Unit 4; Government Policies
Unit 4; Government Policies
This is the total demand in the economy.
It is made up of:
This is the total supply in the economy.
Figure represents a simplistic model of an economy.
Governments may provide goods/services that are a natural monopoly (water/electricity).
Essential goods such as health care, education and police forces are often provided by the government.
Governments may provide merit goods such as public swimming pools, libraries and sports centres.
This focuses on controlling changes in the money supply, interest rates & exchange rate.
Contractionary Monetary Policy: raising interest rates and reducing money supply to reduce AD.
Expansionary Monetary Policy: reducing interest rates and increasing the money supply to increase AD.
This focuses on changes in government expenditure and taxation.
Reflationary Fiscal Policy: increasing gov spending and reducing taxation to increase AD.
Contractionary Fiscal Policy: reducing gov spending and increasing taxation to reduce AD.
Market Orientated Supply Side Policies
Interventionist Supply Side Policies
But taxation itself is a general term, as there are different types of taxes. In general we can identify:
With a progressive taxation system, citizens are put into ‘income earning bands’ and charged taxation according to these bands. The higher your income, the greater percentage of taxation that you need to pay on income in a particular bracket.
Regressive taxation is the opposite to progressive taxation; the higher your income, the less percentage you pay in tax. Once again, citizens are allocated a tax band and must pay accordingly.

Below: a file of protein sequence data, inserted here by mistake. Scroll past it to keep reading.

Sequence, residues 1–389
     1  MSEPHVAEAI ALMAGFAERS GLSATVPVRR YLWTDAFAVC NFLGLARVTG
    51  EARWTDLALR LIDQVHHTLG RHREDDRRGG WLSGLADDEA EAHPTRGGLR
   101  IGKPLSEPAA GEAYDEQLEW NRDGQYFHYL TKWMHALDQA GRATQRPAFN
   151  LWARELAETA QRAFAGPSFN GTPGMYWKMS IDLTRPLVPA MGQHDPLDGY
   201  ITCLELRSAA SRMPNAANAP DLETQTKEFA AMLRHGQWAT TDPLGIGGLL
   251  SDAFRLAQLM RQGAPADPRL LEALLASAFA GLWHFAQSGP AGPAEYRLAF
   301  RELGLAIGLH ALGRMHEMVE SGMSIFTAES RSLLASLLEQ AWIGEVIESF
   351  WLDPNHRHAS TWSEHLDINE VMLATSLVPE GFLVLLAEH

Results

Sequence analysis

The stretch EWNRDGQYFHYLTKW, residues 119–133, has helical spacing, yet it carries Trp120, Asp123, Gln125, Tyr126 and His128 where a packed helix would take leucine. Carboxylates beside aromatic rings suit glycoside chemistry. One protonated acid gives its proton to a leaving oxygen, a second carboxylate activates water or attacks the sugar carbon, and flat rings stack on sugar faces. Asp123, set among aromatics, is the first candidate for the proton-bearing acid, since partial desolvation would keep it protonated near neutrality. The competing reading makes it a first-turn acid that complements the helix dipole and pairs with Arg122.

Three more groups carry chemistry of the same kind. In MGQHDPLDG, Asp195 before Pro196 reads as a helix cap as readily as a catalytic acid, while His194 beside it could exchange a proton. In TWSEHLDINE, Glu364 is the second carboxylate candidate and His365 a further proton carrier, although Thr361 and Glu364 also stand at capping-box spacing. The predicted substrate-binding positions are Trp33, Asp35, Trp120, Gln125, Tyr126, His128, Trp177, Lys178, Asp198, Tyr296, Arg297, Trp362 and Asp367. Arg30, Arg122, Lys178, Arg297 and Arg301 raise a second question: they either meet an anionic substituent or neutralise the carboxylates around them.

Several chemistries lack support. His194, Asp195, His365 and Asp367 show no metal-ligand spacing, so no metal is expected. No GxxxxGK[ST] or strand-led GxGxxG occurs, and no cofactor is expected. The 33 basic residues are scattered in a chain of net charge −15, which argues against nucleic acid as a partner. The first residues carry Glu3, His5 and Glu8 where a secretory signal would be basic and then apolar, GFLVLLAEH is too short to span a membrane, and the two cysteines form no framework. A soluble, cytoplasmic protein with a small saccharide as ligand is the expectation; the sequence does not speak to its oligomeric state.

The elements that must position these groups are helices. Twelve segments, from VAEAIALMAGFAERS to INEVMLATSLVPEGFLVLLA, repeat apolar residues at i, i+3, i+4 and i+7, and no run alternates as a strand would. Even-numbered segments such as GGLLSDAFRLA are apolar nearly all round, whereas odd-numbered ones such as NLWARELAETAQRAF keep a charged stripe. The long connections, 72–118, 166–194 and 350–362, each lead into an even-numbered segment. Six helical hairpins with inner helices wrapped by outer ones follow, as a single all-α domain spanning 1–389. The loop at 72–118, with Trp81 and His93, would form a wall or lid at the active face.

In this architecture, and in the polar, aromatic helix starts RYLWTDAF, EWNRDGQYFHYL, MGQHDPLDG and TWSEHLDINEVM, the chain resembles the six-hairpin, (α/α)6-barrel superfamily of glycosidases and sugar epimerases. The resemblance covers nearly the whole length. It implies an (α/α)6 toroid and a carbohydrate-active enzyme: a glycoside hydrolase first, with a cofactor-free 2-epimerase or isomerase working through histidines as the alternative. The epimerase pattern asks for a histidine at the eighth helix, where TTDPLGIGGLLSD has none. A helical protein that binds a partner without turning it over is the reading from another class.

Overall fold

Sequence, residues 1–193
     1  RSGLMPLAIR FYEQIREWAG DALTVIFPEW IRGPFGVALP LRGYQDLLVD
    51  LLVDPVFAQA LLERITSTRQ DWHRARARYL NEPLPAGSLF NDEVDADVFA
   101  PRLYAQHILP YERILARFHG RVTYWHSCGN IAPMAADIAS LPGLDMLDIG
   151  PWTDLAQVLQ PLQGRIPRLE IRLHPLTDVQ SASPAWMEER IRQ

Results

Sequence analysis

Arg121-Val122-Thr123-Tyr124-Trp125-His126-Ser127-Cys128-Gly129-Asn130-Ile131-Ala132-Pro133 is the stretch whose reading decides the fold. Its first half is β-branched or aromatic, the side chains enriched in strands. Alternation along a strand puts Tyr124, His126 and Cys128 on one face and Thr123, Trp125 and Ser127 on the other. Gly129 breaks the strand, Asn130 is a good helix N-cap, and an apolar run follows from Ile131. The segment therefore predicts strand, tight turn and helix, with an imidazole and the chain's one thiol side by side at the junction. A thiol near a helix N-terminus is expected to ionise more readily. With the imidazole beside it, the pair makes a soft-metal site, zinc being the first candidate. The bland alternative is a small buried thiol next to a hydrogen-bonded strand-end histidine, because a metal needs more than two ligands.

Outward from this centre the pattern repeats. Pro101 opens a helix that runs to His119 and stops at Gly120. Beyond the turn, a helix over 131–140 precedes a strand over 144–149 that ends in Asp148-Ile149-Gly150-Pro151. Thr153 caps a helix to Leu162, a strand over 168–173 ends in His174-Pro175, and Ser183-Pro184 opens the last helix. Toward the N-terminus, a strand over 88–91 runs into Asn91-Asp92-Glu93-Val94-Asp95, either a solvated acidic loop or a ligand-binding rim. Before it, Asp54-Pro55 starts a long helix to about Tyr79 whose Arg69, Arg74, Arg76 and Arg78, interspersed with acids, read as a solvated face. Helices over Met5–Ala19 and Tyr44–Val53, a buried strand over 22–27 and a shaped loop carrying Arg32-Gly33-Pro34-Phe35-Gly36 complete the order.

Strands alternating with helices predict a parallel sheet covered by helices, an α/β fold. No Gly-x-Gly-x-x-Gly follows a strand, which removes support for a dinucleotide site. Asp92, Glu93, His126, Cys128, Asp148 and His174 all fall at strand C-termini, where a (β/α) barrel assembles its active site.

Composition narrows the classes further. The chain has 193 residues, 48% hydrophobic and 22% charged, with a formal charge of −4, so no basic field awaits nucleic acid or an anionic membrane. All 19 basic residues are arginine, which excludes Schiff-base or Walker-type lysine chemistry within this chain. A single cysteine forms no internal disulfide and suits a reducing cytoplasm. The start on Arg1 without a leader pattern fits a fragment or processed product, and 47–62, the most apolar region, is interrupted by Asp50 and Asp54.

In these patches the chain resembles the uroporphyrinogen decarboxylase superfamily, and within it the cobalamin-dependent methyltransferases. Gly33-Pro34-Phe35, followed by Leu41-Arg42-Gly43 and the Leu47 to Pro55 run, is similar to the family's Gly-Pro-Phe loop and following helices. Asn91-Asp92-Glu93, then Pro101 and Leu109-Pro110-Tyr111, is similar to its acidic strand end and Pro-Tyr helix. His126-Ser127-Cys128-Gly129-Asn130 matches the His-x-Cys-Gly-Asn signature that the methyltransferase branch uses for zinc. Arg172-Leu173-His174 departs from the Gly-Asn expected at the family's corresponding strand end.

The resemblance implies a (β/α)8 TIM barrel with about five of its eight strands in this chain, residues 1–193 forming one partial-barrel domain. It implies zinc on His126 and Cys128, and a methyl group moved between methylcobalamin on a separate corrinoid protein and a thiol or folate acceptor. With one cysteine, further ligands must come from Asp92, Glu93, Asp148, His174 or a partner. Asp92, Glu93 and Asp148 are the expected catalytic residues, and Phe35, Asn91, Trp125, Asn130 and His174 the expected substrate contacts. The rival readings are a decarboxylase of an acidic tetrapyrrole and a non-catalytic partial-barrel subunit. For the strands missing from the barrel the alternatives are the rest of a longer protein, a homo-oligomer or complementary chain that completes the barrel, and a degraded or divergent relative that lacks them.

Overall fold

In this case, citizens pay the same percentage in tax, regardless of their income. There are no tax bands – everyone pays the same % - for example 10%. If you earn $100 a year, you thus pay $10. If you earn $100 000 a year, you pay $100. Again, note that the amount each person pays is different but the percentage is the same.
Unit 4; Macroeconomic Indicators
The Retail price Index (RPI)
Causes of Inflation
Effects of Inflation
Measured as the % of the labour force who are willing & able to work and looking for a job.
Methods for measuring unemployment vary & generally the official rate is lower than the actual number of people looking for work.
Types of Unemployment
Effects of Unemployment
Gross Domestic Product (GDP)
Definition: The total value of the goods and services produced in an economy over a given time period.
This is the standard measurement but there are several variations that are used to provide a clearer picture of what is happening in the economy.
Measuring Quality of Life
Human Development Index (HDI)
This is an index that takes into account 3 factors (each is an index itself):
It generates a score between 0 and 1. The closer to 1 the higher the quality of life.
It is considered a better measure of overall development then GNI or GDP because it takes into account social factors aswell as purely economic ones.
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